16. ^ "Forbes Quits as Flstree's Film Chief", Los Angeles Times (1923–Current File) [Los Angeles, Calif] 26 March 1971: e15.
  17. ^ a b Brian McFarlane (ed.) The Encyclopedia of British Film, London: Methuen/BFI, 2003, p.203
  18. ^ Walker, 1985, p 114
  19. ^ Forbes, p.108
  20. ^ Forbes, p.102
  21. ^ Forbes, p.103
  22. ^ Pearson, Kenneth. "News in the Arts." Sunday Times [London, England] 4 April 1971: 37. The Sunday Times Digital Archive. Web. 29 March 2014.
  23. ^ a b Sian Barber The British Film Industry in the 1970s: Capital, Culture and Creativity, Basingstoke: Palgrave Macmillan, 2013, p.47
  24. ^ a b Patricia Warren British Film Studios: An Illustrated History, London: B.T Batsford, 2001, p.76
  25. ^ "MGM to Close, Down English Film Facility", Los Angeles Times (1923–Current File) [Los Angeles, Calif], 25 April 1970: p.a6
  26. ^ Spectrum Of Interest: Film Notes By Gary Arnold. The Washington Post, Times Herald 15 July 1970: B5.
  27. ^ a b Sue Harper Women in British Cinema: Mad, Bad and Dangerous to Know, London & New York: Continuum, 2000, p.128
  28. ^ EMI faces the music Braham, Michael. The Observer 10 Oct 1971: 14.
  29. ^ Barber, p.48
  30. ^ "News in Brief." Times [London, England] 9 May 1973: 4. The Times Digital Archive. Web. 6 April 2014.
  31. ^ "'Murder on the Orient Express' tops US charts." Times [London, England] 11 February 1975: 7. The Times Digital Archive. Web. 6 April 2014.
  32. ^ "BFI Screenonline: Film Studios and Industry Bodies > EMI Film Productions". www.screenonline.org.uk. Retrieved 21 February 2018.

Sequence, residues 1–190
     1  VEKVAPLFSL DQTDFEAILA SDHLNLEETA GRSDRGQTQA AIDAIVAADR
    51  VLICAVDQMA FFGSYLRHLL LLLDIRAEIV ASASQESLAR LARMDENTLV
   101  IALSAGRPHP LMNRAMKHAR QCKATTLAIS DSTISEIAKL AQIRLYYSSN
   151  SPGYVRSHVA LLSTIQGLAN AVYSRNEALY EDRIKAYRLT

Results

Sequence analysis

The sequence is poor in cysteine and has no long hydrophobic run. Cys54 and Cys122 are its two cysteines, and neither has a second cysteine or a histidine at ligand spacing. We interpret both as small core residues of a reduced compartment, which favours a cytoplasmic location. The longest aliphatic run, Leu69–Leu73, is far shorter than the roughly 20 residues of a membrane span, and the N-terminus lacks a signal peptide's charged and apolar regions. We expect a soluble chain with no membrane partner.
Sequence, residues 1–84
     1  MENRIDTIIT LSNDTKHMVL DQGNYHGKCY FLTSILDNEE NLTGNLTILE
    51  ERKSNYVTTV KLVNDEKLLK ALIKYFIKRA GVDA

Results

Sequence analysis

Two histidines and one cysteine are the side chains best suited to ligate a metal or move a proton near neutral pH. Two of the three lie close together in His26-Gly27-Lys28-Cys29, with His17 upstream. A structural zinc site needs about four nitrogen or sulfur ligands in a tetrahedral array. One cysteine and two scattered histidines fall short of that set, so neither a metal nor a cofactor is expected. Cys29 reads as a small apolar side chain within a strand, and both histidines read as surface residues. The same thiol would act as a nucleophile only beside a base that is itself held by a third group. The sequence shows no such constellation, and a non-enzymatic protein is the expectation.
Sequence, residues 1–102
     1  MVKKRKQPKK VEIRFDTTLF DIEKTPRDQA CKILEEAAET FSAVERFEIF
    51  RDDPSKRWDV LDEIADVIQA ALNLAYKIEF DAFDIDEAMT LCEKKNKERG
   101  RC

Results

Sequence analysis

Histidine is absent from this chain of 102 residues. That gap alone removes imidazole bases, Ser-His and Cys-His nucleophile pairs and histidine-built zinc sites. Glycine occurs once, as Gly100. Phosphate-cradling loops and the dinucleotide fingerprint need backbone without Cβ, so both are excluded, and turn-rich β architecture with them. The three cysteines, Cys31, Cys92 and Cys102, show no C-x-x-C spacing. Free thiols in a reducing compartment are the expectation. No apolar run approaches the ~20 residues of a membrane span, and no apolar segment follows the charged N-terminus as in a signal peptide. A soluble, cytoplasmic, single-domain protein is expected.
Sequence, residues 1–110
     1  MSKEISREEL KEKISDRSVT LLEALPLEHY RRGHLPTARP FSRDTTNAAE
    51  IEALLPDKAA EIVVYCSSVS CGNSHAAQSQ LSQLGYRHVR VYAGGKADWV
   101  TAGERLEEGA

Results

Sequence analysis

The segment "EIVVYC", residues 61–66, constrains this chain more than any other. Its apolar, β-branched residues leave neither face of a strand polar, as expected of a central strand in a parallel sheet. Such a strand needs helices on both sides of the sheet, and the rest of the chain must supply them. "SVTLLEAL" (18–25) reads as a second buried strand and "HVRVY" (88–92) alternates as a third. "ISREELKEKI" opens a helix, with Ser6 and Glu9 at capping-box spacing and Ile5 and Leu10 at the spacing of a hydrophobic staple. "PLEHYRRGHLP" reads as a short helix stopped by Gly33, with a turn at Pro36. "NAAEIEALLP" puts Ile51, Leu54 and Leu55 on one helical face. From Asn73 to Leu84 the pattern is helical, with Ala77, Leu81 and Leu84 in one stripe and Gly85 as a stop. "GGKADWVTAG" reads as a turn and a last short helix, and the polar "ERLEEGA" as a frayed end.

33. ^ Walker, 1985 p141
  34. ^ "News in Brief." Times [London, England] 9 July 1975: 3. The Times Digital Archive. Web. 6 April 2014.
  35. ^ FILM CLIPS: 'The Body Snatchers' Moves Up Kilday, Gregg. Los Angeles Times 22 Oct 1977: c11.
  36. ^ Mills, Bart. "British money is suddenly big in Hollywood,'right up with Fox and Warner." The Guardian 2 September 1977: 8.
  37. ^ Acquisitionof B Lion The Guardian (1959-2003); London (UK) [London (UK)]19 May 1976: 18.
  38. ^ Michael Deeley, Blade Runners, Deer Hunters and Blowing the Bloody Doors Off: My Life in Cult Movies, Pegasus Books, 2009, p. 128-199
  39. ^ If a Movie Goes in America, Will Rest of World Buy It?: E.M.I. Films Chief Says Answer Depends Upon Motion and Stars By ALJEAN HARMETZ Special to The New York Times. New York Times (1923–Current file) [New York, N.Y] 1 August 1977: 34.
  40. ^ CRITIC AT LARGE: In Search of World Viewers Champlin, Charles. Los Angeles Times (1923-1995); Los Angeles, Calif. [Los Angeles, Calif]27 May 1977: g1.
  41. ^ Deeley in his memoirs says the sixth film was Arabian Adventure. See Deeley p 134
  42. ^ Deeley p 134
  43. ^ Gimbel Will Head EMI-TV Los Angeles Times 26 July 1976: f12.
  44. ^ Orion's Star Rises in Hollywood: Contrasts to M-G-M's Contract No Punches Pulled By ALJEAN HARMETZ. New York Times 19 Apr 1978: C19.
  45. ^ The man who came to film The Guardian 18 July 1979: 10.
  46. ^ FILM CLIPS: A New Dimension for a Brother Act Kilday, Gregg. Los Angeles Times (1923–Current File) [Los Angeles, Calif] 28 October 1978: b11.
  47. ^ British films get British boost Barker, Dennis. The Guardian 12 Mar 1980: 2.
  48. ^ Orange order The Guardian (1959-2003); London (UK) [London (UK)]02 Feb 1981: 11.
  49. ^ British role in US film market is cut Barker, Dennis. The Guardian 3 Mar 1981: 2.
  50. ^ Cinema Verity: Peter Fiddick talks toEMI-Thorn 's new film production chief Fiddick, Peter. The Guardian 24 Nov 1983: 13.
  51. ^ Walker 1985 p286
  52. ^ Producer splits cost of films The Guardian 10 Jan 1985: 4.
  53. ^ Thorn EMI plans $175m film fund Brown, Maggie. The Guardian 20 Mar 1985: 24.
  54. ^ Walker, 1985, p35-36
  55. ^ Three of the best: David Newpart on three big theatrical names going into films Newport, David. The Guardian 1 Aug 1985: 11.
  56. ^ "CV; VERITY LAMBERT Founder, Cinema Verity". The Independent. 5 May 1997.
  57. ^ JR, WILLIAM K. KNOEDELSEDER (7 August 1987). "Cannon Group Loses $9.9 Million in Quarter". Retrieved 21 February 2018 – via LA Times.